More than two-thirds of technology insiders believe that paying with smartphones will overtake cash and credit card payments by 2020, according to a survey released Tuesday by the Pew Internet and American Life Project and Elon University's School of Communications.
The survey asked just over 1,000 technology experts and stakeholders to agree or disagree with a statement asserting that "swiping smart phones" would replace most cash and credit purchases. The answer choices alluded to NFC (near field communications) technology, in which a communication between a sensor in the payment terminal and another in the consumer's smart phone triggers a financial transaction.
Sixty-five percent of the respondents agreed that NFC would be widespread by 2020. More than 10 percent of mobile phone owners have already made payments using their phones, according to ComScore data.
Aaron Smith, the co-author of the study, said that in longer interviews, the participants expressed some nuance when it comes to how long full adoption will take.
But there's little doubt, according to Chris Silva, an analyst with Altimeter Group, that "NFC is going to play a much more prominent role, a major role in m-commerce," or mobile commerce.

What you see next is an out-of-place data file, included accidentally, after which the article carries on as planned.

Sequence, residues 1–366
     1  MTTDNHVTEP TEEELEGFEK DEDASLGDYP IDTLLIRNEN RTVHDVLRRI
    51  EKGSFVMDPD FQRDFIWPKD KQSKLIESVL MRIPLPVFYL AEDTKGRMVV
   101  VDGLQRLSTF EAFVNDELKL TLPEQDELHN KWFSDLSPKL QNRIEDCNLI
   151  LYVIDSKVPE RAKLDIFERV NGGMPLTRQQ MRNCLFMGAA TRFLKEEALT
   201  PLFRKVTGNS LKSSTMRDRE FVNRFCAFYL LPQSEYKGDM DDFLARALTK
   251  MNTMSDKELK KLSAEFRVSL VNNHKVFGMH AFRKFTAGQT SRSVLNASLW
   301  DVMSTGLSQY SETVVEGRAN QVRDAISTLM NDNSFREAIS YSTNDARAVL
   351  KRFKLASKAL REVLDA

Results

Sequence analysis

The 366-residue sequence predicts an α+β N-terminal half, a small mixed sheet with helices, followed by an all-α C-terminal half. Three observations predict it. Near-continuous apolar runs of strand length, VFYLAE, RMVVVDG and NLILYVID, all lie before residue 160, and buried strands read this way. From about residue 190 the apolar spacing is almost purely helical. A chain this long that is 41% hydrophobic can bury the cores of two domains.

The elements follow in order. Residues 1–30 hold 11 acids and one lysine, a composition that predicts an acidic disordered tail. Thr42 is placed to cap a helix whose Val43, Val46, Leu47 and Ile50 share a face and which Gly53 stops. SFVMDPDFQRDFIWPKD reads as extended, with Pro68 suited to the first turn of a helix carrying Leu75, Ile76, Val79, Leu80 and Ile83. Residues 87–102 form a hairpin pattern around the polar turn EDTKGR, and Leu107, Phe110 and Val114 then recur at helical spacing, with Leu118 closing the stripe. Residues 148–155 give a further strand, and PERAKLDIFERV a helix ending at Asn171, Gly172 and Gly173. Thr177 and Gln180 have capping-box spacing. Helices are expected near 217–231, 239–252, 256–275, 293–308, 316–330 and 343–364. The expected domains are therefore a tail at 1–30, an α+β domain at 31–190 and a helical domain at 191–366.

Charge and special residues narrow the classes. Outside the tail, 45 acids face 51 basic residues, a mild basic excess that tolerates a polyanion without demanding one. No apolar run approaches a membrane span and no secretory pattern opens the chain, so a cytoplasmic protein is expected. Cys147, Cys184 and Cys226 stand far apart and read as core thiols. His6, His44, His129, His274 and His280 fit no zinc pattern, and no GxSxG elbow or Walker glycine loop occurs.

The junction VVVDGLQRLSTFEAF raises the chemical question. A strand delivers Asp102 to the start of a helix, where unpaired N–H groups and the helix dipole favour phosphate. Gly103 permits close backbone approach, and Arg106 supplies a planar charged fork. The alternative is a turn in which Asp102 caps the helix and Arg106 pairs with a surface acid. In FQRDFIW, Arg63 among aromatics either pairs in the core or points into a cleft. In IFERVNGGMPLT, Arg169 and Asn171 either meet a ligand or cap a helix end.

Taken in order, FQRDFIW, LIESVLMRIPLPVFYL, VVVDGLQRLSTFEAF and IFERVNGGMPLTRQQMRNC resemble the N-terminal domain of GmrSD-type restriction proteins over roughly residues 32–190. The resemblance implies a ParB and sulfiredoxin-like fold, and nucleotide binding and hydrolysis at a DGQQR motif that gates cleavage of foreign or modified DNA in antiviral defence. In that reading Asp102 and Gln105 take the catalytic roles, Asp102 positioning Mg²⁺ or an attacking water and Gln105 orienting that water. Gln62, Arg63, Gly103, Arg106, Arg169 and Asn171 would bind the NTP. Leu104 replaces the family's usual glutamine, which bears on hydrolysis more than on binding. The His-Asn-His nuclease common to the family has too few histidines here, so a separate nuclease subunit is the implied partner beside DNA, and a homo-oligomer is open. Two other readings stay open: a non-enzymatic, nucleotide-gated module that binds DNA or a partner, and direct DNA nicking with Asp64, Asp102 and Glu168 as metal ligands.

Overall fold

Google Wallet already employs NFC technology. Isis, a project of several mobile carriers, also relies on the technology. Apple is also rumored to be developing its own mobile wallet app, and some say it will use NFC. At the same time, several startups are pushing mobile payments that bypass NFC.
"The race is sort of on and the field is getting a lot thicker in terms of the number of people who want to get their chunk of the transaction," said Silva, referring to the cut of each transaction that financial processors take.
Smith noted that a number of respondents thought that established businesses in the financial services industry would resist moving to NFC for fear of losing market share.
"There was a relatively strong notion that it's something that may not happen really quickly due to the reluctance of incumbents to cede their place in the market," he said.
Silva agreed that the credit card companies will have a major influence on how and when mobile payments become widespread. He said that, particularly after it was found that Google Wallet could be hacked, it's not clear that technology companies have "the payment chops to win this space" on their own.
Respondents of the survey also said they expect consumers to experience some reluctance about mobile payments when it comes to privacy and security.
These concerns may slow the adoption of mobile payments, but they won't stop it, the study concluded.
Cameron Scott covers search, web services and privacy for The IDG News Service. Follow Cameron on Twitter at CScott_IDG.